Mario and Link have a new task, and it’s a quest which few of the millions of fans of the fat plumber and the elven boy could have anticipated; forget Peach and Zelda, this time the two plucky heroes must rescue Nintendo from the clutches of the unsteady global currency markets and the strengthening yen.
Shares in the giant Japanese publisher fell steadily last week, dropping below 15,000 yen on several occasions – the first time that Nintendo shares have done so since the September 11 attacks – as some analysts predicted that the company may realise less than half of its forecasted 90 billion yen (£500m) profit forecast for the year, and may even slip into the red for the first half of fiscal 2002/03.
Over two thirds of Nintendo’s sales come from outside Japan, and the company holds billions of dollars worth of assets in Europe and the USA. Last year, the weak yen and strong dollar added a massive bonus to Nintendo’s annual figures; the reversal of that situation this year has seen the share price of the company drop 35 per cent since January and may well damage the company’s short-term finances seriously. Nintendo’s estimates for the year are based on an exchange rate of 130 yen to the dollar; this is currently trading at around 115 yen to the dollar.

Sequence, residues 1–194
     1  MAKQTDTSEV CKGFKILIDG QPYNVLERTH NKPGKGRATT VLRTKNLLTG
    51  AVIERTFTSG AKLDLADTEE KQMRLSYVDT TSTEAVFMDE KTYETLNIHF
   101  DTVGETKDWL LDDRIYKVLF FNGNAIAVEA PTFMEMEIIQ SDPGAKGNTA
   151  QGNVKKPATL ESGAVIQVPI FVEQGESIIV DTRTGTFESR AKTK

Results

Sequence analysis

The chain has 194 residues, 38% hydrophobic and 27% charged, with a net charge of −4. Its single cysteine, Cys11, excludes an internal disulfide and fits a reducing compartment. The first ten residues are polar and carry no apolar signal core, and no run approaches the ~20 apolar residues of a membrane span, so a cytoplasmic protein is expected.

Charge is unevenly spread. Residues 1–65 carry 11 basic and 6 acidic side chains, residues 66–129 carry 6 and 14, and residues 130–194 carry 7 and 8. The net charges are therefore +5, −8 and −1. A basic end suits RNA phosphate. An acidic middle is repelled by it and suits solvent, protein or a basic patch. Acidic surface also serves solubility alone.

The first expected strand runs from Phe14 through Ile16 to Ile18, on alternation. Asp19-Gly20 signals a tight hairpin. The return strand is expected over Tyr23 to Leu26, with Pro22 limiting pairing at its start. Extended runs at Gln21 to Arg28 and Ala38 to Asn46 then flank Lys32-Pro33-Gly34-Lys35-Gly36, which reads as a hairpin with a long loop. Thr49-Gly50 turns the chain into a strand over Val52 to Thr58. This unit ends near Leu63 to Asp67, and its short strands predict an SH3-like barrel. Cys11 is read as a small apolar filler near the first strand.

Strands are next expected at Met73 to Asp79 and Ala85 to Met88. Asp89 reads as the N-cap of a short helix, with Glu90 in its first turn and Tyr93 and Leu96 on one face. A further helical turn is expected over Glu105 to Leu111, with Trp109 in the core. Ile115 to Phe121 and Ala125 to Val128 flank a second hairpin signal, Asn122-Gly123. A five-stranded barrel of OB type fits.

However, the trump card held by Nintendo in the face of such currency-related difficulties is, as ever, its strong software line-up. Last Friday saw the release of Mario Sunshine on the GameCube in Japan, supported by an aggressive marketing strategy. A similar set of promotions will accompany Legend of Zelda in December, which will be launched in the USA in February – just in time for US sales to figure in the company’s 2002/03 figures. Meanwhile, Pokemon Ruby and Pokemon Sapphire on the GBA will arrive in Japan in November.
All of these titles are expected to sell extremely well, and although the success of such software has been factored into the share price of the company and into its financials, such high-profile launches and visible demand for the titles will undoubtedly bolster stock market confidence in Nintendo.
Following in Nintendo’s footsteps, Capcom is to release a free demo disc of Resident Evil 0 on the GameCube, which will be distributed to everyone who pre-orders the title as well as through other outlets. The game is the first of two totally original Resident Evil titles which will appear on the Cube. It follows the success of the remake of the first Resident Evil game, which will be launched in Europe in September. No word has yet been forthcoming about the possibility of a GameCube demo disc strategy in Europe.